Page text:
The American Civil Liberties Union of Southern California, Northern California, San Diego, and the National Center for Youth Law are suing over the unfair practices used by the Riverside County Youth Accountability Team Program (YAT). According to the ACLU, YAT was created in 2001 to target at-risk youths for intervention. On the surface, such a program appears to be relatively benign; however, the tactics deployed treat adolescents who have not been convicted of crimes as criminals. The idea is that teens who seem to be on the edge of engaging in nefarious deeds can be scared straight.
The organization points out that programs like YAT do not have the intended effect on young people, and often do more harm to a child than good. The program is not a diversion; it is a facet of the Riverside County’s probation department. Youngsters who act up or have low marks in class are singled out and forced into six-month terms of probation. The ACLU contends that YAT is unconstitutional; kids who have committed no misdeeds are made to waive their First and Fourth Amendment rights, and subject to “invasive probation conditions.” Sarah Hinger, Staff Attorney, ACLU Racial Justice Program and Sylvia Torres-Guillén, Director of Education Equity, ACLU Foundations of California, write that:
“Children and their families are not provided with specific information about the offense they are accused of committing, the terms of YAT probation, the possible consequences of going to court, or advisement of their legal rights.”
Counseling, Instead of Probation
The ACLU states that YAT is the product of an outdated “incorrigibility” law; students are subject to prosecution for merely not complying with school faculty. Kids who may have learning disabilities or problems at home which impact their ability to do well in school are needlessly being funneled into the juvenile justice system. The organization says the practice disproportionately affects Black and Latino children throughout the county.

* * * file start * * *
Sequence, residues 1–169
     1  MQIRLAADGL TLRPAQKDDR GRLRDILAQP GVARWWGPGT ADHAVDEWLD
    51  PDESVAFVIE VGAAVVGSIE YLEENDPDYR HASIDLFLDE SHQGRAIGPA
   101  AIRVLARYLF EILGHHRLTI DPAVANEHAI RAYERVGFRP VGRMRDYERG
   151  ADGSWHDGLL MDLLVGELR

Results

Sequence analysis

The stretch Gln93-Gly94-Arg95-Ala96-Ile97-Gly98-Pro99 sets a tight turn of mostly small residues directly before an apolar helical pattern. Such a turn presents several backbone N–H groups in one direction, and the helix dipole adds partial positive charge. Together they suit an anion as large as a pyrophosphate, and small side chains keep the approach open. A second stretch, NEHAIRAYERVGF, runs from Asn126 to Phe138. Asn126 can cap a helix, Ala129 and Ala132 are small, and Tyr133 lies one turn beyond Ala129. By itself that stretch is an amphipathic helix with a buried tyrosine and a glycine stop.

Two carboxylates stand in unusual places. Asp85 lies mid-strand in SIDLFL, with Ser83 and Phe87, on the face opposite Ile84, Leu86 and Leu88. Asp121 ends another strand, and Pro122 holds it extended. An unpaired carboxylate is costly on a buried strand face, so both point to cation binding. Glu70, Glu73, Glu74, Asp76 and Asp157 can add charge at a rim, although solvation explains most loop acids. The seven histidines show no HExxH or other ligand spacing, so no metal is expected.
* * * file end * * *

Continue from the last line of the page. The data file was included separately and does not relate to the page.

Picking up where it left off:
A report from the Annie E. Casey Foundation shows that youths are more responsive to positive incentives and supports than threats of punishment. Instead of putting guilt-free kids on probation, the ACLU would like to focus on supporting struggling children by way of counseling.
“The constitutional deficiencies of Riverside’s YAT Program are clear, and the program will continue to violate children’s rights until it is reformed. But reforming the program will not only protect their rights, it presents an opportunity to provide a model for bringing juvenile probation and diversion in line with contemporary research on adolescent development.”
Treating young people as criminals before they ever commit a crime increases the likelihood of problems developing down the road. There is already plenty of research to support diversion over detention for juveniles; so, it is not challenging to see how counseling would be more beneficial than probation for kids struggling in school. More times than not, the farther kids are from the juvenile justice system, the better!
Orange County Juvenile Criminal Defense Attorney
Please contact The Law Offices of Katie Walsh if your child is facing criminal charges or school expulsion. Attorney Walsh and her team of legal professionals can help you obtain the best possible outcome for your son or daughter.